14 November 2017

What kind of disease is depression

Ania Varezhkova, Atlas

Depression may seem like a minor illness, but it prevents you from living normally – studying, working, writing books and paintings, making friends and raising children. Severe forms of depression in 15% of cases end in suicide – according to WHO statistics, this is about 800,000 cases per year and the second place in the ranking of causes of death of people aged 15-29 years. Atlas tells you what depression is, how to recognize it and how to help yourself and your loved ones.

What is depression

Clinical depression is a mental disorder that, according to statistics, affects 300 million people worldwide. Depression is expressed by apathy, bad mood, reduced physical activity, sleep and nutrition disorders, anxiety, guilt and loss of the meaning of life.

With depression, it is hard to work: every sentence must be reread several times, it is difficult to focus attention and keep even simple tasks in mind, and at the same time the feeling of meaninglessness of what is happening and one's guilt for helplessness and "laziness" does not leave.

In addition to work, they stop being interested in things that usually give pleasure: books, movies, music, hobbies, children. This condition is called "anhedonia" – the inability to rejoice and have fun.

Depression is often underestimated and confused with a bad mood. If the project is not going well at work or your favorite car keys are lost, it's okay to be a little sad. To refuse dessert (or vice versa, to eat two), go to bed early, cry in the end – in a normal state, such funds are usually enough to feel better.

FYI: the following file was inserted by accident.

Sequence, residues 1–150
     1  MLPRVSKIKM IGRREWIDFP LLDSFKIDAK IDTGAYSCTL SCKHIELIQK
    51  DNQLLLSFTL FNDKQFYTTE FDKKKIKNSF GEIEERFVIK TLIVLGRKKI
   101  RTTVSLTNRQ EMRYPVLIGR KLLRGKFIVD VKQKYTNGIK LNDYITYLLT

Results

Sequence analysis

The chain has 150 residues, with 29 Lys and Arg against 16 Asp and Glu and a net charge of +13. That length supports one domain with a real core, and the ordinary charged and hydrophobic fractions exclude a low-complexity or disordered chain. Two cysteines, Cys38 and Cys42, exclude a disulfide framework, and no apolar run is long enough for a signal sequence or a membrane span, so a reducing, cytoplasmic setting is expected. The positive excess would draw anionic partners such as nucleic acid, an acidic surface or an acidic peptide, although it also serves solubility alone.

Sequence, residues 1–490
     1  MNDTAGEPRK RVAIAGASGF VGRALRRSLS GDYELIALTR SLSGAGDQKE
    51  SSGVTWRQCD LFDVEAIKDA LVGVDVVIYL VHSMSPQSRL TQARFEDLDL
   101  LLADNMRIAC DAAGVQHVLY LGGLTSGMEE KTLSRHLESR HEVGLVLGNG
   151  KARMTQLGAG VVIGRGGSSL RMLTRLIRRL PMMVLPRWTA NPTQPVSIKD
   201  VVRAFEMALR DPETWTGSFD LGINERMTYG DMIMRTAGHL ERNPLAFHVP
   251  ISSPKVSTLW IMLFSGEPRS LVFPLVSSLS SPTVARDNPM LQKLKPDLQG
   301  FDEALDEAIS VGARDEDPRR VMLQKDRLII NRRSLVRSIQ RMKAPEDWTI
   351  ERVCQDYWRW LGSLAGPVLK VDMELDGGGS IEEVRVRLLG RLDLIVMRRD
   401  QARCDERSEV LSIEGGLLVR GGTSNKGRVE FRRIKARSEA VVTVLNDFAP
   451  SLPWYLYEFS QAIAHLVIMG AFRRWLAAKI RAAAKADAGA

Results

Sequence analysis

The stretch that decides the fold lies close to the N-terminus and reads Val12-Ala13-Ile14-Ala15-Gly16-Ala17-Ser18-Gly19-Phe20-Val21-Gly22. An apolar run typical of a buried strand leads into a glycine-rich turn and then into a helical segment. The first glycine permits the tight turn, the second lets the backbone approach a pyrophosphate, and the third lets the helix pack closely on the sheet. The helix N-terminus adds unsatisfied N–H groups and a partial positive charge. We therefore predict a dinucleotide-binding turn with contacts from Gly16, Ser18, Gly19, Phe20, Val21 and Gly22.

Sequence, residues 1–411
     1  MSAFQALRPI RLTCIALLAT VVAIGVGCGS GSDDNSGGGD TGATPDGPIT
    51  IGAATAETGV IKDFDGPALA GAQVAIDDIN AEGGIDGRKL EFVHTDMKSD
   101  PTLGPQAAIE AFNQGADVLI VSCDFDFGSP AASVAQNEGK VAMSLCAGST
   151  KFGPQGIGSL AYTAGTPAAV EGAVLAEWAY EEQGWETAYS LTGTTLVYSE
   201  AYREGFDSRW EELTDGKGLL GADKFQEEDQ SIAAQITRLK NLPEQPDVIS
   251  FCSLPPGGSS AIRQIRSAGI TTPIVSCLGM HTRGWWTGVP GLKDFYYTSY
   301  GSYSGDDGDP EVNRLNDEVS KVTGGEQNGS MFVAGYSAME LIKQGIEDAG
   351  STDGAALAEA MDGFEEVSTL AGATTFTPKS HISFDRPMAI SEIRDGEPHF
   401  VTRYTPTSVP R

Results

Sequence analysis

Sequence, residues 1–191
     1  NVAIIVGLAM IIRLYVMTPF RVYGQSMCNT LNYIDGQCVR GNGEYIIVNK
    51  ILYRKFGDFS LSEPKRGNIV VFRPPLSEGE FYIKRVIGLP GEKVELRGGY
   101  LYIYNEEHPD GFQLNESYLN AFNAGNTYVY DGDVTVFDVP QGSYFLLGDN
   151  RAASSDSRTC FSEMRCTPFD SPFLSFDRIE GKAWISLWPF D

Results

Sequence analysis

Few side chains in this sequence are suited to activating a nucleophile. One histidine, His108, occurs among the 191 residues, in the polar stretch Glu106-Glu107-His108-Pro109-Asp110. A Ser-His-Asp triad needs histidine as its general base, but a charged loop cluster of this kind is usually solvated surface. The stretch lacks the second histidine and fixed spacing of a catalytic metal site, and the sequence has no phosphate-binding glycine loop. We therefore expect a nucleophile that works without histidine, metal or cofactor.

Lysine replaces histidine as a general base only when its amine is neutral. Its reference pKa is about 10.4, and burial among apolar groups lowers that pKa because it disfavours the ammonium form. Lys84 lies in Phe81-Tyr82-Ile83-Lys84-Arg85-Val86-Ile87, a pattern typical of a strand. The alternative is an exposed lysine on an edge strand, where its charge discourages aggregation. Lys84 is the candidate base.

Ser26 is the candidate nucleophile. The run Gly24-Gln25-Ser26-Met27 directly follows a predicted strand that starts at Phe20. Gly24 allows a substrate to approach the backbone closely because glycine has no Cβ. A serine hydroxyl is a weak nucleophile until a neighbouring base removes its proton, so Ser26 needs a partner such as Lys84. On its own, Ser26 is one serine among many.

But in the case of depression, proven self-help tools do not help, and a bad mood may not have any "objective" reasons. A person can be supported by a family and wait for a cool job, but you still want to cover yourself with a blanket over your head and not leave the room for about ever. And this condition lasts for several weeks, months and even years.

Why depression occurs

Studies have shown that during the disease, the activity of neurons that are responsible for negative emotions and fear increases, and the activity of those that form positive emotions and a sense of satisfaction decreases. Insufficient activity of reward neurons in the brain leads to a lack of motivation. Negative thoughts are repeated in a cycle, and positive emotions fail to "interrupt" them.

Depression is associated with a violation of the balance between positive and negative emotions.

The development of depression is influenced by external circumstances, psychological factors, genetic predisposition. A stressful situation can serve as an external trigger – the loss of a loved one, separation from a partner, unexpected dismissal or relocation.

Internal causes may be related to a genetic predisposition. Research suggests that several genes may be involved in the development of depressive disorder. They are mainly related to the work of neurons in the brain.

How to Treat Depression

Psychotherapy and psychopharmacotherapy are used to treat depression. Antidepressants of various classes are used as a medicine: serotonin reuptake inhibitors, monoamine oxidase inhibitors, tricyclic antidepressants and others.